New concrete threat to Oxfordshire’s green spaces


Government report calls for more development on green fields and Green Belt

Boris Johnson MP warned this week that the Government were planning to remove vital protection against development on Oxfordshire’s green spaces, and take away Oxford County Council’s say on housing by passing responsibility to distant regional politicians.

The proposals were outlined in a report published by the Treasury on measures to change the housing supply in the country. The report calls for a massive extension of regional planning and regional involvement in housing, new centralised housing targets, and more greenfield and Green Belt development.

Boris Johnson said:

“The recommendations in this report will not solve the crisis in affordable housing that has developed under this Government. Labour’s policies and tax rises must take much of the blame for the crisis – for example, the average first time buyer in the Oxfordshire now pays £1,412 extra in stamp duty alone, money that could otherwise be put towards a deposit.

“The Government is adopting a centralist, ‘dictate and provide’ approach in the housing market that will strip local communities of their say, bulldoze green spaces and put areas such as Sanford at further risk of being covered in concrete. In a past adjournment debate on housing in South Oxfordshire, Boris Johnson criticised the Government for failing to trust local people to decide responsibly on local planning matters. A distinction can and should be drawn between bad Nimbyism and good.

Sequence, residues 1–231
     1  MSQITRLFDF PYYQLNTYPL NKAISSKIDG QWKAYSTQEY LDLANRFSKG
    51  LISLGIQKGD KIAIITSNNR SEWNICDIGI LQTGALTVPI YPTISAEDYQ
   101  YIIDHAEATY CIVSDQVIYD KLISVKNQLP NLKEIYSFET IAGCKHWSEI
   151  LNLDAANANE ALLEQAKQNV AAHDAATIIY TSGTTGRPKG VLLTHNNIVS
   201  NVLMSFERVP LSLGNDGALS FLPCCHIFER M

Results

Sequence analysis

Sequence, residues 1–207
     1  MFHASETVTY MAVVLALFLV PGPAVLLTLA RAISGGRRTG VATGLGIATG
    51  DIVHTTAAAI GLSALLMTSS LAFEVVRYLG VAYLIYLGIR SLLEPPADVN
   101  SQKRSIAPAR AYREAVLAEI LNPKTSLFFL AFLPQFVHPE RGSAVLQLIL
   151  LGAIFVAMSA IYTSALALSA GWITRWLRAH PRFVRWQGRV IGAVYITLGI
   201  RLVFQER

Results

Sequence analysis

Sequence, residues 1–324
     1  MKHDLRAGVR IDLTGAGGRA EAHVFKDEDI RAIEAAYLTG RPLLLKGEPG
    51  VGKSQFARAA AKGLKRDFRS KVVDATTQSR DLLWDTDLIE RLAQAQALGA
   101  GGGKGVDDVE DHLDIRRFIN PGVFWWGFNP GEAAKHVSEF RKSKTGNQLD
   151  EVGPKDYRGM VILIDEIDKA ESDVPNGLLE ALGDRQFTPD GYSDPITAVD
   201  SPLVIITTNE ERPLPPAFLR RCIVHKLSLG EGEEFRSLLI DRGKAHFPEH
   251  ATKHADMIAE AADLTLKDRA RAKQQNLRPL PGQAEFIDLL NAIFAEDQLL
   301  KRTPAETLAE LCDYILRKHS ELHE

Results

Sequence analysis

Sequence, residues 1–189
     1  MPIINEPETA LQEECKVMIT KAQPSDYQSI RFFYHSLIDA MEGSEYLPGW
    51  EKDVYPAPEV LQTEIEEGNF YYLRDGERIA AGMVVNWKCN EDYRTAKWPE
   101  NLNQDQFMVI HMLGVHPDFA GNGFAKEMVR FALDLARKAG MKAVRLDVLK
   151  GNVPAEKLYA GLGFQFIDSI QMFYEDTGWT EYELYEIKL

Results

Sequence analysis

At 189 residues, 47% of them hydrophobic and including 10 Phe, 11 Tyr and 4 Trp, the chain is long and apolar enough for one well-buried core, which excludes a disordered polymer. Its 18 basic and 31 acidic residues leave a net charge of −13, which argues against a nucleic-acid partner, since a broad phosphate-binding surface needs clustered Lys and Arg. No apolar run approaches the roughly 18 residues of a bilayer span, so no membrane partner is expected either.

“We need more affordable housing, but we should focus on regenerating urban areas and brownfield land, so that the right homes are built in the right places, rather than fuelling unsustainable development.

“But the Liberal Democrat alternative is even worse – they would place VAT on new housing, which would add £14,321 to the cost of a new home in the South East and make home ownership even more unaffordable for young people and working families”.


Barker Review into Housing Supply

The Treasury review into housing supply, conducted by Kate Barker, issued its report on 18 March 2004.

Its proposals include a massive extension of regional planning and regional involvement in housing – de facto centralisation, new centralised targets, a new land development tax, and more greenfield and Green Belt development.

‘Local authorities should allocate a further buffer of land to improve their plan’s responsiveness to changes in demand. Additional land for development would be brought forward from this buffer when there was evidence of local housing market disequilibrium’ (p.43)

‘Planning authorities should show greater flexibility in using their existing powers to change Green Belt designations where there are strong pressure points in a particular urban area’ (p.44).

It calls for ‘planning guidance should be amended to advise regional and local planning authorities on assessing the value of land to society’, yet admits that the value of much greenfield land should be reduced. ‘Building on intensively farmed land would result in far smaller costs. These alternative land values are part of the framework within which the costs and benefits of housebuilding should be assessed. Moving towards an alternative approach, whereby land for development is assessed according to its relative value in society… including the implication that some Green Belt land should be re-designated’ (p.43-44).